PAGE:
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5 fast facts about light commercial vehicles

The digitisation of life is having a major impact on the automobile landscape. As virtual shopping carts fill thanks to growing online commerce, more and more light commercial vehicles (LCV) are being purchased to carry goods from warehouses to the consumer. This has created a new business model for many companies. As a result, sales of these vehicles have grown by more than 11% per year since 2013, according to the European Automobile Manufacturers' Association. LCVs are coming, and here are five fast facts about them you need to know.

By the number

Smaller and more agile than large trucks, LCVs are able to move merchandise quickly, particularly in cities, and are beginning to make up a considerable proportion of fleets. Of 650,000 vehicles in Alphabet's portfolio in February, 2017, 83,000 were LCVs. For all companies, large and small that are building up a delivery service or have an existing one, LCVs are an important tool. As experts in fleet management, leasing providers like Alphabet can make important recommendations based on their experience.

Covering all bases

LCVs are different from passenger cars and therefore require a different service level. Drivers have to make many stops, open and close doors and hatchbacks, and often reconfigure the interior, causing wear and tear on seats and moving parts like hinges. A full service agreement that covers servicing, maintenance and repair work becomes essential, in order to give the owning company peace of mind. This is especially important for small and medium sized enterprises, which often do not have a dedicated fleet manager. And part of the services offered is driver training for these vehicles, to lower accident rates and wear and tear on the car.

More than just a car

Light commercial vehicles weighing up to 3.5 tonnes have a clear set of functions: to transport goods door-to-door. Not all models are alike, and individual businesses should make sure they have the right vehicles for the jobs on hand. Just buying any low-price LCV might increase expenses down the road. The needs of the driver and the kind of freight being carried must be taken into consideration. Most LCVs, therefore, should be professionally retrofitted, which is a task Alphabet outsources to trusted external partners.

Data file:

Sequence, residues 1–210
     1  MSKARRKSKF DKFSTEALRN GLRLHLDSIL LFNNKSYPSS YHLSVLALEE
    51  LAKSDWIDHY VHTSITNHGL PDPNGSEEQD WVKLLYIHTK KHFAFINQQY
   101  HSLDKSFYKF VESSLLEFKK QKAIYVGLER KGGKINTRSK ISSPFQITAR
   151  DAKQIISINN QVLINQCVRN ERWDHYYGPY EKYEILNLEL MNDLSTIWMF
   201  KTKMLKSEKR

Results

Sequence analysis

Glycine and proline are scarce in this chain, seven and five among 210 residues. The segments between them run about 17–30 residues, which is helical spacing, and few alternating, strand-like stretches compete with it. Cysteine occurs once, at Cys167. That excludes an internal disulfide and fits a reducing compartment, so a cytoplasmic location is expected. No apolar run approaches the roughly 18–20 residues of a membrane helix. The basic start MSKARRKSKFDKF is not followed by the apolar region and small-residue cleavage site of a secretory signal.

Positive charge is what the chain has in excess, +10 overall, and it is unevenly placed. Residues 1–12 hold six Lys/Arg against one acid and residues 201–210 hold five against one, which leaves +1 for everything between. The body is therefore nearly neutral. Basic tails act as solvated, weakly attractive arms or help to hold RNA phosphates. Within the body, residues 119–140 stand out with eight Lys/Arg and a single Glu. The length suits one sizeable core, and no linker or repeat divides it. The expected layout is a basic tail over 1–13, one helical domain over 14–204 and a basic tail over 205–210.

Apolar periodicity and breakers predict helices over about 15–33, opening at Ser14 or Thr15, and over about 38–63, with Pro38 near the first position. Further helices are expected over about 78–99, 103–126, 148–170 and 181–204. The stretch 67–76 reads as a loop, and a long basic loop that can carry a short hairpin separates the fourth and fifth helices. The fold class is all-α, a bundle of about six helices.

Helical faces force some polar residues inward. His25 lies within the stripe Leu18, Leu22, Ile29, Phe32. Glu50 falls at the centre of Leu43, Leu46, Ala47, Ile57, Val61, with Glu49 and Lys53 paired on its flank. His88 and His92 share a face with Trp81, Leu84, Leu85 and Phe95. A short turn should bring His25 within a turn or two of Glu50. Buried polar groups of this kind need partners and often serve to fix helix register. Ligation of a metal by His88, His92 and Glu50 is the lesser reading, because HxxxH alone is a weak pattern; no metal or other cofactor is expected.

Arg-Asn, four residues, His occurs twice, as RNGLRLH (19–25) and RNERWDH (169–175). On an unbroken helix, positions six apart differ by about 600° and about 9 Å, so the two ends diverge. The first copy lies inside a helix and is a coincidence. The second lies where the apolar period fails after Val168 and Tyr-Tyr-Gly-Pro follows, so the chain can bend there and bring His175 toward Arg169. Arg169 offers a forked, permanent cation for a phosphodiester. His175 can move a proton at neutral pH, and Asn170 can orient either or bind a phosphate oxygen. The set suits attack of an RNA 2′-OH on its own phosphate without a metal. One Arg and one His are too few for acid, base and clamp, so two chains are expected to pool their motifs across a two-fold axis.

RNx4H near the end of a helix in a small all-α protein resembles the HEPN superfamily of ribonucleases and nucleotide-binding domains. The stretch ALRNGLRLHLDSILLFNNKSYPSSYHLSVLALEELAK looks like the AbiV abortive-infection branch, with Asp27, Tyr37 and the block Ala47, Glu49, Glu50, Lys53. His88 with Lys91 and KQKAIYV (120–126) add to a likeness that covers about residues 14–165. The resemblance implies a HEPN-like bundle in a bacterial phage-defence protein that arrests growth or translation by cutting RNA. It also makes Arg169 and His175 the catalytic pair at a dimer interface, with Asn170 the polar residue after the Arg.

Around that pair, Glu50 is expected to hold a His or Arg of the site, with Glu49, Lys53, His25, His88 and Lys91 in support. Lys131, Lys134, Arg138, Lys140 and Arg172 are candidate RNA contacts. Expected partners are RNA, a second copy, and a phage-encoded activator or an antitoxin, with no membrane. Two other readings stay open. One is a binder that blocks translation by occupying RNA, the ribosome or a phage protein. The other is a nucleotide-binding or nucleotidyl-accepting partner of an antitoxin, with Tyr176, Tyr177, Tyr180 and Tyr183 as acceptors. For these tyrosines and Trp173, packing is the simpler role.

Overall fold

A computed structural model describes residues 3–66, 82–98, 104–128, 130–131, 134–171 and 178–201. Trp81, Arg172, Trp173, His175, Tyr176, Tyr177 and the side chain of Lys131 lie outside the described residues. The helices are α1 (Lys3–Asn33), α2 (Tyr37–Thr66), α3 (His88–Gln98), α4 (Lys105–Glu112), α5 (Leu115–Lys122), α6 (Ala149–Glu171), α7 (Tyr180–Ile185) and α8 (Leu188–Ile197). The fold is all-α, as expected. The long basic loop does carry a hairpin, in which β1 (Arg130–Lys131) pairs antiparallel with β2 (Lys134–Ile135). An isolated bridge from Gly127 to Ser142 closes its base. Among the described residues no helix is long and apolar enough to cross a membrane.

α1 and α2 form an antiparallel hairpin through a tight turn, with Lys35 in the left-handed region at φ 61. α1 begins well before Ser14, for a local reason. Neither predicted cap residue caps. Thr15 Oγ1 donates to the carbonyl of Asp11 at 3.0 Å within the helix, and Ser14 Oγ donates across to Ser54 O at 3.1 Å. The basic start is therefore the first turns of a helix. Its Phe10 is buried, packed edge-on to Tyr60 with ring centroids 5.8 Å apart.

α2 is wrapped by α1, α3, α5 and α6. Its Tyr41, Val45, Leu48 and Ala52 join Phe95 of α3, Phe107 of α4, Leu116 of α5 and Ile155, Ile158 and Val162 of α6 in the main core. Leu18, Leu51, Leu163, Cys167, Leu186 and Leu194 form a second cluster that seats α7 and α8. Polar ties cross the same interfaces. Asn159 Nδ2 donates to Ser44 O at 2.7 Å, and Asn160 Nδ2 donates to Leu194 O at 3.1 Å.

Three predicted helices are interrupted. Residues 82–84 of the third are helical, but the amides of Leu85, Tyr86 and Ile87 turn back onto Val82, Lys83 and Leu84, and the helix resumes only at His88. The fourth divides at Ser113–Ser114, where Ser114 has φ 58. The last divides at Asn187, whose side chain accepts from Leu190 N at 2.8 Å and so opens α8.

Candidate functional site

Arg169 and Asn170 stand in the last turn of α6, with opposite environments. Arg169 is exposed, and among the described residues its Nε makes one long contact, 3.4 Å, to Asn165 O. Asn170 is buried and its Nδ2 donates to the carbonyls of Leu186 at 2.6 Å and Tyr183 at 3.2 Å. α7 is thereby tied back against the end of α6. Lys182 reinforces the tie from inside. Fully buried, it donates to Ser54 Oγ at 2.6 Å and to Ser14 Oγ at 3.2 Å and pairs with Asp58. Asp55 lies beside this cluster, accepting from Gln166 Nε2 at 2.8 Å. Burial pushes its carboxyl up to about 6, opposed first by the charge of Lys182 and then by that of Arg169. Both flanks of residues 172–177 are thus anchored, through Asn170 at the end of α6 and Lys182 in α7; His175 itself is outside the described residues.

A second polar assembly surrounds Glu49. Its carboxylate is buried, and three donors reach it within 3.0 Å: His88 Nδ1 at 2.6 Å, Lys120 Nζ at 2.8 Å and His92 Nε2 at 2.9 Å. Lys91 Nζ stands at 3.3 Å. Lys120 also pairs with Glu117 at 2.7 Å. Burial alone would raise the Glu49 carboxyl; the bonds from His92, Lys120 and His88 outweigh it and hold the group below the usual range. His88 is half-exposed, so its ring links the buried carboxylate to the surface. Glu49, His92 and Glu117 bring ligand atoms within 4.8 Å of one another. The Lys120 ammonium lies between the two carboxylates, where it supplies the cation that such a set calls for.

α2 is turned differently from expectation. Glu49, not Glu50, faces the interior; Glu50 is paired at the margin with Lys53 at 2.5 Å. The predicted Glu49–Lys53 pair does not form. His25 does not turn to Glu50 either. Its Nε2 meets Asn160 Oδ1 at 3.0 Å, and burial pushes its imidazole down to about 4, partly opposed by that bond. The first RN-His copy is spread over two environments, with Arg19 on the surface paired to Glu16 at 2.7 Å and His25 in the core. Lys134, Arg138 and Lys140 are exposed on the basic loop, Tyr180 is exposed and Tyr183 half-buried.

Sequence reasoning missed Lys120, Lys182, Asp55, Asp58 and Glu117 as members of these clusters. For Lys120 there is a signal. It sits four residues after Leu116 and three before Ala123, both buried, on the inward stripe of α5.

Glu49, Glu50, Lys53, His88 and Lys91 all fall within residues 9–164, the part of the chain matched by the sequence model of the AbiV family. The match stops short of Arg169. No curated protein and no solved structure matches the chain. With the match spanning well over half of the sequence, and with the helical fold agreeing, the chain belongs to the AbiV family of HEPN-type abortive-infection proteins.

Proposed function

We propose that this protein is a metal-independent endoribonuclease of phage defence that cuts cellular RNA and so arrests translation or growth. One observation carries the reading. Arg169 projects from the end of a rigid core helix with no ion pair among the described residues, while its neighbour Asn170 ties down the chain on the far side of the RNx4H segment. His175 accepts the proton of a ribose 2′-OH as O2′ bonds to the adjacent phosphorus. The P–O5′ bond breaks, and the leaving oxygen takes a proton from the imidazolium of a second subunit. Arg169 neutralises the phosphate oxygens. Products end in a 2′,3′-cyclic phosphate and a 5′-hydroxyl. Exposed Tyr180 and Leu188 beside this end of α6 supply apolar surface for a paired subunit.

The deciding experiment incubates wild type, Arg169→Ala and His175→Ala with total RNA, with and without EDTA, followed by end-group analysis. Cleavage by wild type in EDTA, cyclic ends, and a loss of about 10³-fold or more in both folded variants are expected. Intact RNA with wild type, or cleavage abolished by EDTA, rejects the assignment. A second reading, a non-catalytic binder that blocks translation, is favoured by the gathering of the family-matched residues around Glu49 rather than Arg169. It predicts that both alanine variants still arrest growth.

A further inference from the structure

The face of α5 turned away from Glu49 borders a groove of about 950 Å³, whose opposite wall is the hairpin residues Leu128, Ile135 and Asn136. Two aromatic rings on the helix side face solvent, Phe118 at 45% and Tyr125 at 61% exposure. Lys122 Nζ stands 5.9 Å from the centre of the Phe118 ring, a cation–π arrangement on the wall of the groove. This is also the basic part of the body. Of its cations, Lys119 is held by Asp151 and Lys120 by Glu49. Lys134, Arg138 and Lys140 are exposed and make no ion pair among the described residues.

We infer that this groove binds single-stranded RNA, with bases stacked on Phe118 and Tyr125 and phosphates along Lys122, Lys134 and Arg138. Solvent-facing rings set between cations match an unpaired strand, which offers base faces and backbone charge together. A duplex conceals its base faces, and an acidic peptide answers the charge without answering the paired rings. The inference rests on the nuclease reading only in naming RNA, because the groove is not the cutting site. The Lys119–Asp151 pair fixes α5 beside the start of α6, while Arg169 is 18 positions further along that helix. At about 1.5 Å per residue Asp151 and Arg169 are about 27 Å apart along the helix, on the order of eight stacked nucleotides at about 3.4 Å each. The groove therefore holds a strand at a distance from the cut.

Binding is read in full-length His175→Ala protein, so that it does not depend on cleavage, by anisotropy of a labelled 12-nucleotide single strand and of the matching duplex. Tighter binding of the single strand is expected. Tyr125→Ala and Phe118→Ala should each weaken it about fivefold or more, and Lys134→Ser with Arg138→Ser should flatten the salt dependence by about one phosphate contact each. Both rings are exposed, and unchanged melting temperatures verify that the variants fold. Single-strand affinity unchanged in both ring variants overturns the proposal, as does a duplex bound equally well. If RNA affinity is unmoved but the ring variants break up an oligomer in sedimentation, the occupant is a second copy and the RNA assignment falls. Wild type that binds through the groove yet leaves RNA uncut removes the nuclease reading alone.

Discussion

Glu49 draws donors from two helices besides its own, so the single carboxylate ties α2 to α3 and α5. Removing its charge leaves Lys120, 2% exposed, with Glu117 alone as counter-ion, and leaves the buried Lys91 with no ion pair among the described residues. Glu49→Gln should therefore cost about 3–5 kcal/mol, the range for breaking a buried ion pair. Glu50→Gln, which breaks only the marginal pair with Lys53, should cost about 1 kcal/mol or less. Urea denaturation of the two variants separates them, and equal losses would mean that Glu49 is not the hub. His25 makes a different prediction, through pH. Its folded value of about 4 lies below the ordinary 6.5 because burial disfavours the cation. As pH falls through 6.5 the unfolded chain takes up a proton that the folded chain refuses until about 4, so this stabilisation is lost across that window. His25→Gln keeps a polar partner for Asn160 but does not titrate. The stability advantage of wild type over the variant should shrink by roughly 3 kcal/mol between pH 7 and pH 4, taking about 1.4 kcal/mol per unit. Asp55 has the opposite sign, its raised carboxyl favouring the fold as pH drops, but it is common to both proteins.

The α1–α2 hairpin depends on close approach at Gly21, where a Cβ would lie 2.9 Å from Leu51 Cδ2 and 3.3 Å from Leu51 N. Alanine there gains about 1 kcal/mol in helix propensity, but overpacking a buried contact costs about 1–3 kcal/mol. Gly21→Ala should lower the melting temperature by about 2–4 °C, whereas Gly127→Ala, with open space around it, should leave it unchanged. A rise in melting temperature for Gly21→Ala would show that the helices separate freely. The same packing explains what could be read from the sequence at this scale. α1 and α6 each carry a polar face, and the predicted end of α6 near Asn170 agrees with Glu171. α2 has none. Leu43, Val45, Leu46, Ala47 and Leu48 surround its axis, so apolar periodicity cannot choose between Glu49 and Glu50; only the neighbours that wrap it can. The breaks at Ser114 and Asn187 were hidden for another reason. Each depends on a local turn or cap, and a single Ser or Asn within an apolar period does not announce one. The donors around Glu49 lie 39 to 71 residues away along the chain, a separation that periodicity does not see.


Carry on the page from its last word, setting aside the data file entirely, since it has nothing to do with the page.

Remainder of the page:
Electrifying prospects

A key question with LCVs is this: Should the vehicle run on petrol, diesel, or electricity? A competent leasing partner will assist with an Electrical Potential Analysis (EPA) that studies driver profiles and the most common routes. The German Post Office – Deutsche Post – for example, an Alphabet client since 2014, currently has 2,500 electric Streetscooters in service and is planning to double that number by the end of 2017. These so-called electric light commercial vehicles (eLCVs) are quiet and can be recharged with electricity generated from renewable sources. They are sometimes subsidized by governments and will provide access to the restricted zones of many cities, like Milano.

Future delivery

Connectivity is allowing new business models and improved efficiency of fleets. It is a key component in automated driving, which is about to extend to LCVs. Those companies ready to take on new technologies have the possibility of developing new and profitable business models. In addition, self-driving cars or eLCVs are expected to optimise vehicle utilisation rates considerably and reduce total cost of ownership to 50%.


Have these five LCV facts whetted your appetite for more information? Or do you have questions or some information you would like to add? We welcome your views in the comments section below.